The Italian foreign ministry has summoned the French ambassador to Rome for an explanation of President Emmanuel Macron’s remarks about refugees stranded in the Mediterranean after Italy refused to let a rescue ship dock.
Tensions between the countries have risen after France criticised Italy’s new administration for blocking access to its ports for a rescue vessel carrying 629 refugees it had picked up off the coast of Libya.
Rescuers have had to begin a three-day journey to Spain to deliver the refugees to a port.
On Tuesday Mr Macron said Italy was acting “irresponsibly” and not meeting its obligations under international maritime law.
His party’s spokesman Gabriel Attal went further, saying: “The Italian position makes me vomit.”
After Italian deputy prime minister Luigi Di Maio initially dismissed the criticism as being “rich coming from them”, new prime minister Giuseppe Conte, who is due to meet Mr Macron in Paris this Friday, issued a strongly worded statement defending the refusal to let the boat dock.
“Italy cannot accept hypocritical lessons from countries that have always preferred to turn their backs when it comes to immigration,” Mr Conte said.
The situation escalated further on Wednesday when Rome’s foreign ministry summoned the French ambassador for an explanation of the French premier’s remarks on the matter.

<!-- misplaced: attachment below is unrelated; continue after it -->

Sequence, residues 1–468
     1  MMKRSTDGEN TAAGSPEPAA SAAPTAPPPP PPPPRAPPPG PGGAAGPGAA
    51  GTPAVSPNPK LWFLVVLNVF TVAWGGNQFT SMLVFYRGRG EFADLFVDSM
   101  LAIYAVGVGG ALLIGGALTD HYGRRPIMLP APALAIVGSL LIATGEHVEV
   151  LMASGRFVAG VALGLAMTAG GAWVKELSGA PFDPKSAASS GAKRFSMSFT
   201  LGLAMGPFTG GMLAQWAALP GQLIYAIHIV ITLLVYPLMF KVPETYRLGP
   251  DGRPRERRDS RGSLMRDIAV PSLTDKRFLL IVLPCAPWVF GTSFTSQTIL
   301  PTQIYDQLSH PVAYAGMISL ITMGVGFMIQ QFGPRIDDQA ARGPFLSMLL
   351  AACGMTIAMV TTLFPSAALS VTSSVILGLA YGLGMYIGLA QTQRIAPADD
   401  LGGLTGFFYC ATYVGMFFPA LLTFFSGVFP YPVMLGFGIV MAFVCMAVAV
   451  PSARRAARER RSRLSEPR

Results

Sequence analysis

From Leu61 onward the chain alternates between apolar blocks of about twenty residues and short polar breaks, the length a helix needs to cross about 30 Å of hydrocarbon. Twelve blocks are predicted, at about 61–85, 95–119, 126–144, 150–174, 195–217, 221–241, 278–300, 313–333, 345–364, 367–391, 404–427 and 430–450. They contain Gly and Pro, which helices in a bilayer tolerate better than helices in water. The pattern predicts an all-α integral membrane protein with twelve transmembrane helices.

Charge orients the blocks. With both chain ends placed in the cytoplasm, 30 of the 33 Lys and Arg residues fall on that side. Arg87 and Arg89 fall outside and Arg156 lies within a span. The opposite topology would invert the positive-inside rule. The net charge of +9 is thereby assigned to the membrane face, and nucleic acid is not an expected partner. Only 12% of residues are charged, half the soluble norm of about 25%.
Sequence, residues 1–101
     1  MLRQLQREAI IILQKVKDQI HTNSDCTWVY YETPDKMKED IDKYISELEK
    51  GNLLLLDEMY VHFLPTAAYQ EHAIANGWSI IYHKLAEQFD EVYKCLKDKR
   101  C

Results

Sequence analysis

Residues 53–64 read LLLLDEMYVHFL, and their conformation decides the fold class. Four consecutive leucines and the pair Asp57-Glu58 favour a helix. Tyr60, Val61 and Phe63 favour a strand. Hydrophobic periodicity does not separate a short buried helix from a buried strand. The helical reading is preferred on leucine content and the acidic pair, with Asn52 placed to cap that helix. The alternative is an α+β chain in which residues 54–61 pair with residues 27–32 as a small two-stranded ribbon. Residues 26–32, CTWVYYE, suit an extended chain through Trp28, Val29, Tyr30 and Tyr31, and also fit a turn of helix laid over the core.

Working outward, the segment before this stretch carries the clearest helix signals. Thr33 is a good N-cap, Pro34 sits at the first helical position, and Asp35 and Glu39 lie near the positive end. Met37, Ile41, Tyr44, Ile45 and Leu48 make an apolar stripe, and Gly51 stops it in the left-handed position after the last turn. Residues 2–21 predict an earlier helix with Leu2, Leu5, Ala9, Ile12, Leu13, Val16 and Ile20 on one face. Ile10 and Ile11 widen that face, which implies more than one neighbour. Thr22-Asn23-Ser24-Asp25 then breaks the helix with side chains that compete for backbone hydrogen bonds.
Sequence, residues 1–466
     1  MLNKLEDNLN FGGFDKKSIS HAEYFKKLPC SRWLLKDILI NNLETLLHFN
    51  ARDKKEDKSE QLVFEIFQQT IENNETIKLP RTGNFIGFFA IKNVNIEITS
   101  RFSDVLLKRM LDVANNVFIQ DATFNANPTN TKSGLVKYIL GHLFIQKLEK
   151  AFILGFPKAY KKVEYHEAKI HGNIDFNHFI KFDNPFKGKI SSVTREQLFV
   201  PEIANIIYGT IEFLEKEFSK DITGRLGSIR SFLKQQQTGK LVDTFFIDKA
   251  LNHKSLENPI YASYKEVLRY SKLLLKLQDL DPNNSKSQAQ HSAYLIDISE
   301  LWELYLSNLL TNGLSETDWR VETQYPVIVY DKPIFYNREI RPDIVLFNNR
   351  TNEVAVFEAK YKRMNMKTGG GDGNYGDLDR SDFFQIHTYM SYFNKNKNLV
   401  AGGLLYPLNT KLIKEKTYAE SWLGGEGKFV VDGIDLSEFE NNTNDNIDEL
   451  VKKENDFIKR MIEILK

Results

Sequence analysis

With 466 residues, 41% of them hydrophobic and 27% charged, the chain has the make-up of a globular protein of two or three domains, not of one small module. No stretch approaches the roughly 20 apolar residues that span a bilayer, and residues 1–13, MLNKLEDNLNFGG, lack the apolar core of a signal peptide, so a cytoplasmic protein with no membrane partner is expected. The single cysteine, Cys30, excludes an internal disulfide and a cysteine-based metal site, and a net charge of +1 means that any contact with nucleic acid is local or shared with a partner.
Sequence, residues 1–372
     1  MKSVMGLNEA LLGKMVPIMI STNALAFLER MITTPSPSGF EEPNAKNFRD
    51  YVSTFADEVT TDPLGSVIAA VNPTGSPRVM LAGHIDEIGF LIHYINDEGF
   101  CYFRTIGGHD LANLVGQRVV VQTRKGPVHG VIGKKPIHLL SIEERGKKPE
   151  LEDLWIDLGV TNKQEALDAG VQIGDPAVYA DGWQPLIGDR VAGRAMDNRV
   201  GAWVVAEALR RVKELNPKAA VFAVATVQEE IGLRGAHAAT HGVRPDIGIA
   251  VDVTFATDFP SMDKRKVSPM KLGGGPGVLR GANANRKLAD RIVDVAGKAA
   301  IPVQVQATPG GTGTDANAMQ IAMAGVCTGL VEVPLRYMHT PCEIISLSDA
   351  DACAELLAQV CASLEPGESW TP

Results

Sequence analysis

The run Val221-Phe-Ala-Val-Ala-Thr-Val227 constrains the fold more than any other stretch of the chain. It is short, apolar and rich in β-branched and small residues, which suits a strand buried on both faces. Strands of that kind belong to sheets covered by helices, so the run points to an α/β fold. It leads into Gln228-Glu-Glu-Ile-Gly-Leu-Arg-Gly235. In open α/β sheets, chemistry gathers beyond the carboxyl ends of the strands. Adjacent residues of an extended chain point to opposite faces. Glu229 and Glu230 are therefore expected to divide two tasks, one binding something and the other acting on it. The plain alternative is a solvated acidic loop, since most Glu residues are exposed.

The refugees, including 123 unaccompanied children and seven pregnant women, spent three days stranded on the overcrowded Aquarius rescue vessel as political wrangling continued.
Two Italian navy ships have now picked up the majority of the refugees from the boat, and the three ships are on their way to Valencia in Spain, after the country’s new prime minister Pedro Sanchez unexpectedly agreed to let them dock there.
However the ships now face worsening weather conditions with waves of up to 4 metres and winds of 35 knots.
A further consequence of Italy’s hardline stance is that a US warship which assisted German rescue NGO Sea-Watch by picking up 41 survivors and 12 bodies from the sea off the Libyan coast on Tuesday, is now also being refused entry to Italian ports.
Sea-Watch chairman Johannes Bayer said: “If the Aquarius wasn’t stuck on the way to Valencia, maybe those people could have been rescued.”
However, an Italian Coastguard vessel carrying 932 refugees and two dead bodies was granted permission by the Rome government on Wednesday to dock at the Sicilian port of Catania. Sea-Watch said the decision highlights the “double standards” of the Italian government.
“We will not change (our position) on ships belonging to non-governmental organisations,” Interior Minister Matteo Salvini said in an interview with the Corriere della Sera newspaper published on Wednesday.
“Ships belonging to foreign organisations and flying foreign flags cannot dictate Italy’s immigration policy,” added Mr Salvini, who is also head of the anti-immigrant party Lega Nord (Northern League).
The Aquarius is operated by NGOs SOS Méditerranée and Médecins Sans Frontières (Doctors without borders).
On Tuesday MSF told The Independent: “The current stand-off in the Mediterranean Sea appears to be less about search and rescue at sea and more about the lack of European States’ responsibility sharing for asylum-seekers, and lack of intra-EU relocations – in other words, a broken asylum system.”